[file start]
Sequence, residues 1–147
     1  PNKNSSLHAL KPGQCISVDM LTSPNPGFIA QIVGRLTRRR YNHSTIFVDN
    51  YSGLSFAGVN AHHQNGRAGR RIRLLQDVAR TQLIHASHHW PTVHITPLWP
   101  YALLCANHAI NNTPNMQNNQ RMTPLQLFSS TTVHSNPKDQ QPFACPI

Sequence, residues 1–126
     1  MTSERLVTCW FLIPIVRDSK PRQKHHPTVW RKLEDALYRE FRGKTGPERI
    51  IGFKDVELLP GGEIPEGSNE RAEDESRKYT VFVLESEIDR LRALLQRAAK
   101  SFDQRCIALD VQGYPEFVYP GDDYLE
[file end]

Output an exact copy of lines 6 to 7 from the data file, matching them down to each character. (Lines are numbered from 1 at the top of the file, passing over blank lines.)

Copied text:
     1  MTSERLVTCW FLIPIVRDSK PRQKHHPTVW RKLEDALYRE FRGKTGPERI
    51  IGFKDVELLP GGEIPEGSNE RAEDESRKYT VFVLESEIDR LRALLQRAAK